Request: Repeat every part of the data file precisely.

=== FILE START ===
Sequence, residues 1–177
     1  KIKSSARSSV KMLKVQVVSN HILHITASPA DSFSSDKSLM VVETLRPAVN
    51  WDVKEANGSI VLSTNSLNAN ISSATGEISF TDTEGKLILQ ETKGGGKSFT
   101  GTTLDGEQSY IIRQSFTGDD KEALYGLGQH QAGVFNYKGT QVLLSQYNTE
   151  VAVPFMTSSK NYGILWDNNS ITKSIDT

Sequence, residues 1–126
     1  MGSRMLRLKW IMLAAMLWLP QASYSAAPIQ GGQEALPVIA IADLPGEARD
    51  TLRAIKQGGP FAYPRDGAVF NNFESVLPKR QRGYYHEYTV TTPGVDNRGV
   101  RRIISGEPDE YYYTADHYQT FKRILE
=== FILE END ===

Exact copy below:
Sequence, residues 1–177
     1  KIKSSARSSV KMLKVQVVSN HILHITASPA DSFSSDKSLM VVETLRPAVN
    51  WDVKEANGSI VLSTNSLNAN ISSATGEISF TDTEGKLILQ ETKGGGKSFT
   101  GTTLDGEQSY IIRQSFTGDD KEALYGLGQH QAGVFNYKGT QVLLSQYNTE
   151  VAVPFMTSSK NYGILWDNNS ITKSIDT

Sequence, residues 1–126
     1  MGSRMLRLKW IMLAAMLWLP QASYSAAPIQ GGQEALPVIA IADLPGEARD
    51  TLRAIKQGGP FAYPRDGAVF NNFESVLPKR QRGYYHEYTV TTPGVDNRGV
   101  RRIISGEPDE YYYTADHYQT FKRILE